The other day I was surfing online and I came across a new to me photography gallery just by chance. I was intrigued because one, it had earlier this year staged a Ralph Gibson exhibition, and two, I noticed that Yoshihiko Ueda, who is a well-established photographer both commercially and artistically, was serving as co-curator along with Shigeo Goto, a figure I’m familiar with through the G/P Gallery in Ebisu where he serves as Chief Director as well as a previous association with Gallery Punctum Photo+Graphix Tokyo(sadly no longer open). Seeing as their upcoming exhibition was work by a Japanese photographer I had not previously heard of, it seemed the opportune time to tick off two boxes in one shot.
Opening its doors in February of this year, Gallery 916 is in the district of Tokyo called Hamamatsuchō, an area not normally associated with galleries. The space is on the 5th floor of a big warehouse-y building, and were it not for a small sign for the gallery near the entrance to the building, I would have assumed I was in the wrong place. It’s quite common in places like San Francisco or New York to have galleries in these kind of industrial warehouse-type spaces, but not all that common here in Tokyo.1 The gallery space itself is huge — 600-square-meters apparently — leading me to wonder if it isn’t now the largest photography gallery in Tokyo.
Though admittedly it’s not a place most would consider warm and intimate, especially on the cold and rainy day I visited, the gallery felt heartwarming somehow, knowing that such a large and relatively unadorned, unpretentious space was being given over to photography.
In size it felt like one of Tokyo Metropolitan Museum of Photography’s exhibition spaces, but sans the obligatory museum shop, coat check, silent black-suited watchers making sure you don’t touch anything, and most importantly, any admission charge, much more relaxing.
Exhibitions held at the gallery so far have been one-artist shows running between six to eight weeks in duration. Both the Gibson and Arita exhibitions have been accompanied by substantial exhibition catalogs normally not seen from galleries2, and in its catalogs and on its clean, well-designed website, English translations of critical essays and biographical information are given equal footing with the Japanese. (Well-translated English it should be noted, which is far from a given in Japan). [Both the Ralph Gibson and Taiji Arata exhibition catalogs are available in the Japan Exposures Bookstore.]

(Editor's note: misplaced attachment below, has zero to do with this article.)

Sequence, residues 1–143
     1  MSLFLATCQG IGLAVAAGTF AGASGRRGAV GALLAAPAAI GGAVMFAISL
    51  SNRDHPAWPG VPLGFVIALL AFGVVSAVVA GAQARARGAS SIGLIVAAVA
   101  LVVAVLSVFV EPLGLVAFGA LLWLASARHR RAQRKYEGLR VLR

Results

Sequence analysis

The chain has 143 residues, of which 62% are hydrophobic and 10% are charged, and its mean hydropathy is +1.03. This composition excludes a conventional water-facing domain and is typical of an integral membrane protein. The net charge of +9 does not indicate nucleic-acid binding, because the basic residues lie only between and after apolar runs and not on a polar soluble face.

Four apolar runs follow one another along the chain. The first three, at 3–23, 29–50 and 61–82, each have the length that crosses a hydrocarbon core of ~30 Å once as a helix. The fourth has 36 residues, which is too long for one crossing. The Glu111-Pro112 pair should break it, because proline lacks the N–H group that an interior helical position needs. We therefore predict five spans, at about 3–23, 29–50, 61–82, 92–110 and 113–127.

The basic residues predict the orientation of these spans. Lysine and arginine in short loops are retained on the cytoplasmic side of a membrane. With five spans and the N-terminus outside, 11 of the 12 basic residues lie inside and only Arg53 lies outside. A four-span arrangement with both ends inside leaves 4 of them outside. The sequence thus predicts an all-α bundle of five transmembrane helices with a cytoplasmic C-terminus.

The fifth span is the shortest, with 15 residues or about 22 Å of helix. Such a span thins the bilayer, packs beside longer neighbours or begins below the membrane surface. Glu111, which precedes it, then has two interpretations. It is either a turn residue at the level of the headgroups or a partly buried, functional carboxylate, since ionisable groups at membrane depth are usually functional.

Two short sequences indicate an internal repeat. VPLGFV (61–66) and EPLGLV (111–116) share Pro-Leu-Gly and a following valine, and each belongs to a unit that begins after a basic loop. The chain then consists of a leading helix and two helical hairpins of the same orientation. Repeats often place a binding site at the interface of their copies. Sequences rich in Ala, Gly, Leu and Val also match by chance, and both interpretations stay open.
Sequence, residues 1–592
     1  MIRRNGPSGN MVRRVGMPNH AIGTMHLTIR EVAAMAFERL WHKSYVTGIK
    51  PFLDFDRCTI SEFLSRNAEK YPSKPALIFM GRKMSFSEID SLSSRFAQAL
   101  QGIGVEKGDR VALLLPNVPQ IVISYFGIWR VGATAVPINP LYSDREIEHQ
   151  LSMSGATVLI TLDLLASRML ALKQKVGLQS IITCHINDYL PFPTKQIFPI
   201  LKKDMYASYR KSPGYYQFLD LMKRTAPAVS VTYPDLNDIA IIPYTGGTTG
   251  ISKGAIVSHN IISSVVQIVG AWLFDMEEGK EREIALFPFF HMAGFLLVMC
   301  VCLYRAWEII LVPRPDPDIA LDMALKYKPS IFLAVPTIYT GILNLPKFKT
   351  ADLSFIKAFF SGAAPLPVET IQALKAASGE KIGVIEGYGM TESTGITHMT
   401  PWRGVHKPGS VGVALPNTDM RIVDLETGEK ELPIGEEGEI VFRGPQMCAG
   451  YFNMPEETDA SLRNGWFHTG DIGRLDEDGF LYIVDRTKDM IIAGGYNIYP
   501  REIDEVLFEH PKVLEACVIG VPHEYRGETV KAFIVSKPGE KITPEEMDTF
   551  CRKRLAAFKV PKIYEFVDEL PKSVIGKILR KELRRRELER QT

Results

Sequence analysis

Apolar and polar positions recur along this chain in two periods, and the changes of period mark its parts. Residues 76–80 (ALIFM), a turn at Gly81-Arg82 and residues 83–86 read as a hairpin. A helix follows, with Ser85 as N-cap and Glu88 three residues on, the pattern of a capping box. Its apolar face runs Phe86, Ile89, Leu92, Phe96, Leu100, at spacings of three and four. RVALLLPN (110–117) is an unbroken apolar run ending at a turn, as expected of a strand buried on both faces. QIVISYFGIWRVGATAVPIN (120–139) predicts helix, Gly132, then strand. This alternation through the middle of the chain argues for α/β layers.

Of course such a large space does not come without its challenges, number one I’m sure being to remain a financially viable concern for its backers. But there are challenges for the Ueda/Goto curating team as well.
On view when I visited was a series of photos by the relatively obscure Taiji Arita from the late 60s/early 70s, for whom Ueda once served as an assistant. The prints were not large, and it felt a struggle sometimes for the photos not to be completely dominated by the space. No doubt the curators are aware that a space this large will not be appropriate for just any work, and care will be needed to select photography that works best in the space. Alternatively, perhaps occasionally the space will need to be changed — closing off the two spaces in the back that lead off the main hall, for example — for some exhibits.
[See our accompanying review of the Taiji Arita “First Born” exhibition being held at Gallery 916. — Editor]
In its first year, two of the five exhibitions were of Ueda’s work. This may well be part of the arrangement, for all I know. But certainly from the neutral’s perspective, one will hope that this is more a gallery served by Ueda’s creative vision rather than the other way around.
That said, having co-curators of Ueda and Goto’s standing, approaching the gallery from the differing perspectives of photographer and curator respectively, leaves what appears to be have been an excellent start in good stead. It remains to be seen what will come in 2013, but I for one am looking forward to it.
1. The Kiyosumi Gallery Complex, which houses Taka Ishii, Hiromi Yoshii and ShugoArts, among others, is an obvious exception.
2. The old Min Gallery and the current Zen Foto Gallery being two worthy exceptions that come to mind.
Thanks for posting this, Kurt. I’m going to be in Tokyo again towards the end of May, and am looking forward to visiting this gallery.